Where Was This?
Let’s start with this name for the mill since the name was affixed to a road. The mill’s location is at the east end of Ranck Mill Road in Lancaster Township, where a tricky S-curve bends around to join with North Conestoga Drive.
Like most mills, its power came from the hydraulic differential between the water upstream from the mill versus what was downstream. That differential is measured in vertical feet, also known as ‘head.’ Dams were an obvious way to increase the head. The more of it you had, the more power you had to drive your machinery.
But, if you had another mill come in too close downstream, then you would lose that lower water elevation. Or if someone diverted water away from your waterway, then that could cause problems for you as well. But, this was a sweet spot with no other mills for quite a distance. The next dam I know of was actually the first City Water Works, remnants that you can still see from the river. That dam is labeled as Swarr’s on the 1824 map image below.
The water flow from the Conestoga was steady, and flooding was only just beginning to occur as the woodlands were all changed over to cultivated fields. However, many other mill dams upstream in the watershed helped to mitigate those peak flows. With moderate sloping hills on either side, dam construction and milling operations were a good fit.
At this particular spot, a very substantial dam was built with two mills, one on each of the banks, 83 acres in total acreage, according to the following advertisement from the February 18, 1814, Lancaster Intelligencer and Journal. I commend it to you for reading in its entirety.
Who were these guys?
Abraham Witmer built that phenomenal nine-arch stone bridge across the Conestoga in the late 1700s. More details in the Bridgeport article. It was beneficial not just for Lancaster’s commerce and connection to Philadelphia but also for the westward expansion past the Susquehanna. If you happen to walk across the bridge today, you will find a stone plaque in his honor. The bridge was replaced in 1933.
John Graff was the grandson of Andreas Graff, who in 1767 built that substantial stone mansion on Ranck Mill Road. It was Andreas’ father, Sebastian, who owned the mill as early as 1758. His mansion was torn down as part of the Walnut Street Extension project, described below. Click here to see more pictures.
Bear in mind that spelling was not really standardized until the early part of the 19th century and names of people seem to be one of the most flexible. So, “Graff” is mostly known today as “Groff” but was also spelled “Graeff” and “Graess” depending on who read what, when, and how they deciphered or updated the spelling. This is important because of the impact of the Graffs on this section of our community.
If you drive on PennDOT’s SR 23 (Walnut Street Extension) on the east side of Lancaster City, that four-lane limited-access highway was not always there. When it was installed in the 1980s, the construction project obliterated and bifurcated Grofftown Road. You can still see parts of it on the map.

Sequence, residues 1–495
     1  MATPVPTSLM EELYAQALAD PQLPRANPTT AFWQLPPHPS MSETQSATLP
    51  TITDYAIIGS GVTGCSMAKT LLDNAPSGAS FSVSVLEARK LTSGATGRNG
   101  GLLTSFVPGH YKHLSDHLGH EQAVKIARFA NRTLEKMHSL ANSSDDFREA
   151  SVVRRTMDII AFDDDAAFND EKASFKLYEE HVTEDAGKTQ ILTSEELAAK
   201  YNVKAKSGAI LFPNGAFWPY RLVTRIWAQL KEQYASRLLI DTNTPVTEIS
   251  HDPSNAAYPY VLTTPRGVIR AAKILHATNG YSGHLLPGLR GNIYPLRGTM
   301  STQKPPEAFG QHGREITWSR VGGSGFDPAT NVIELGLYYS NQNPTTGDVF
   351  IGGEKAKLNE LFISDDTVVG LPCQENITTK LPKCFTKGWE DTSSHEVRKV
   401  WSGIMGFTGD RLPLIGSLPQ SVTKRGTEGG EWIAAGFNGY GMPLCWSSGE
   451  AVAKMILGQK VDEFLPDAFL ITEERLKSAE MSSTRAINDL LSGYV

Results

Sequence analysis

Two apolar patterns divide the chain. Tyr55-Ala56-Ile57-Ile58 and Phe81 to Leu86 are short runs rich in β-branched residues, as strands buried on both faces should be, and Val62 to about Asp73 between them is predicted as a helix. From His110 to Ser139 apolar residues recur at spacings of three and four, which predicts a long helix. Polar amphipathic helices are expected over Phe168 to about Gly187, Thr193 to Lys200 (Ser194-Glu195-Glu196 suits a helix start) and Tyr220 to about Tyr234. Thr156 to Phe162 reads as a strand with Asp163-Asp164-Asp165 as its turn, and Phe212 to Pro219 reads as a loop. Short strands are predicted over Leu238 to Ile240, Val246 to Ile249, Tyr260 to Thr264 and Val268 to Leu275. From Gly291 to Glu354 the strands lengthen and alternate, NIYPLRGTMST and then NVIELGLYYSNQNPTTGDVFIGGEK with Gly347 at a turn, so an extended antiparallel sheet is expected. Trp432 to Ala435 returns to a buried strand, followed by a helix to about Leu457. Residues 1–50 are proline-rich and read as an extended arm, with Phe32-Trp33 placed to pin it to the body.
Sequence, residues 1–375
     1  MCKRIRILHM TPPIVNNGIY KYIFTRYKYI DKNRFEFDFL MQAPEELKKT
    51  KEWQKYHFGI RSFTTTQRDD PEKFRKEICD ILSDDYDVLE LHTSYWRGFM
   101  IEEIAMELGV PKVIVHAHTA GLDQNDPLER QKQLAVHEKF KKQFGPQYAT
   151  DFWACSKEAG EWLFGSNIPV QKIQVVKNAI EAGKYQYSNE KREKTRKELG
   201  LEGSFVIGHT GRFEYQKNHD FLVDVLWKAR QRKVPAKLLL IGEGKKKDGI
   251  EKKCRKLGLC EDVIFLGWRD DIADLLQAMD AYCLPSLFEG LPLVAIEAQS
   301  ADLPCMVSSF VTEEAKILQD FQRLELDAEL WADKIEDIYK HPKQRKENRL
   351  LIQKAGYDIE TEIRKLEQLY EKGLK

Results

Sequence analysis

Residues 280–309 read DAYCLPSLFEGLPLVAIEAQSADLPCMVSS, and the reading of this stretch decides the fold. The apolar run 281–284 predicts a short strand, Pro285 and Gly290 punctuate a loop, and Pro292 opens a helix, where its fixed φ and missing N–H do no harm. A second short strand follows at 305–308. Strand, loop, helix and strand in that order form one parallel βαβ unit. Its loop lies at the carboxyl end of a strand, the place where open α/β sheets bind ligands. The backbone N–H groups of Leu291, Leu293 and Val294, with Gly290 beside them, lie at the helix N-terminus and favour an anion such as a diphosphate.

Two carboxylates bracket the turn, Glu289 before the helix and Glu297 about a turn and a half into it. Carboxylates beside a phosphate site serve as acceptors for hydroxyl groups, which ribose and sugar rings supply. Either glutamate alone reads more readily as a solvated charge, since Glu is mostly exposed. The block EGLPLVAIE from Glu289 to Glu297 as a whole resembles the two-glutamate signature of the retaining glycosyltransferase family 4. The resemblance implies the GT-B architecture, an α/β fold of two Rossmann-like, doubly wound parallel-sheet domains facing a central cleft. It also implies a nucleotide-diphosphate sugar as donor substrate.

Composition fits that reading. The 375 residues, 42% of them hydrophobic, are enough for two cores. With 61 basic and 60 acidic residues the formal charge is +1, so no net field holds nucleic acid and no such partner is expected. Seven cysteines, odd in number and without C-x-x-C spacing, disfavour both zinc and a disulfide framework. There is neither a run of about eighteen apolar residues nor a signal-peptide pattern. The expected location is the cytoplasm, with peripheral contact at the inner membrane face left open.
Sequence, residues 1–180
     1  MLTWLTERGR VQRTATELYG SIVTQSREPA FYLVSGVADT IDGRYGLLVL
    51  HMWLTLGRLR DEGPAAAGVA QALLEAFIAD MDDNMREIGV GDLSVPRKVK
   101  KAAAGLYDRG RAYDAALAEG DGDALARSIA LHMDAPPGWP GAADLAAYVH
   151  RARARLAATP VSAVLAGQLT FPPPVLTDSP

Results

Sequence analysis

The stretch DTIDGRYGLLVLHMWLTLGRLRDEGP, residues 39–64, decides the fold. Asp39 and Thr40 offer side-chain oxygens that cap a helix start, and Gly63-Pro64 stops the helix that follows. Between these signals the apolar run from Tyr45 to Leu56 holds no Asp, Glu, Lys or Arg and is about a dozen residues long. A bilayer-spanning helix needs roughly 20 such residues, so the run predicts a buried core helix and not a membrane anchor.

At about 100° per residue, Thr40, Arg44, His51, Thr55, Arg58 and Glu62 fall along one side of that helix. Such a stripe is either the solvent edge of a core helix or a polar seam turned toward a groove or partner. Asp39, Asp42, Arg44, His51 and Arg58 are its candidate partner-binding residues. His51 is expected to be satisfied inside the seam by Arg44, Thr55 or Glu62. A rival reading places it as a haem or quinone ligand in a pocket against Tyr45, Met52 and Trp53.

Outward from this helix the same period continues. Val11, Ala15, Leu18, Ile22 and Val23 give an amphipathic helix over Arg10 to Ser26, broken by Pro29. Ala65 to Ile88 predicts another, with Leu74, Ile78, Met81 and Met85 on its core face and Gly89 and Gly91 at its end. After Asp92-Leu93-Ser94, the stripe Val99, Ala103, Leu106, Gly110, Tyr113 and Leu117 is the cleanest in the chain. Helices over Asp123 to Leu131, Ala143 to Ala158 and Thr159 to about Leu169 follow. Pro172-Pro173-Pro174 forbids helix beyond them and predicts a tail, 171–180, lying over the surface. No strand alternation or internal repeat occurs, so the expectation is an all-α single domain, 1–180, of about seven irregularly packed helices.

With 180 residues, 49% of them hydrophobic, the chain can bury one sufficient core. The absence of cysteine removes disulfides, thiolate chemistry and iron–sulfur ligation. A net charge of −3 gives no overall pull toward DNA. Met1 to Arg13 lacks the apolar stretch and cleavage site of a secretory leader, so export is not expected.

Starting at North Broad Street, it extended northeast and then swung down along the Conestoga. I believe that it then rose due north along what we know as Pleasure Road today and up to New Holland Pike at the toll house.
Grofftown Road followed the banks of the Conestoga, as you can see above, and crossed through the westernmost of the arches of the famous railroad bridge. Often framing the second of the City Water Works within one of the arches, Grofftown Road became a photographer’s common destination.
It might be hard to imagine, but Grofftown was actually a village, distinct from the City and depicted on maps and tax records as far back as 1776. Back then, it was home to fifteen families. There were cultivated fields between it and the “hub-bub” of Lancaster. Decade by decade, the City grew, and those fields vanished under streets and homes.
But, let’s get back to the dam and the two mills.
What can you see today?
Today, this location is occupied by Riverdale Manor. One of the mill’s old stone walls appears to have been left standing as a setting for wedding photos.
In the Water
There’s always a riffle here where shallower water is running across the embedded rock. I suspect this is the location of the dam.
Aside from the above-mentioned stone mansion from 1767, there are other stone foundations in the area and some robust sluice-like features right along the river.
Ranck Mill Road itself seems to lie in the same spot as in this map showing the mill still in place.
Then What Happened?
Following that 1814 advertisement, the mills and acreage were sold to Jacob Demuth, who had to rebuild the dam and mill after a disastrous flood in 1842. His rebuilding of the eastern mill to a four-story brick building (80’ x 100’) is pictured here. Samuel Ranck and his family operated both mills from 1842 until 1912. In June of that year, the mill had been demolished, and in September, the dam was removed. The removal may have been due to reported hazardous conditions for canoeists.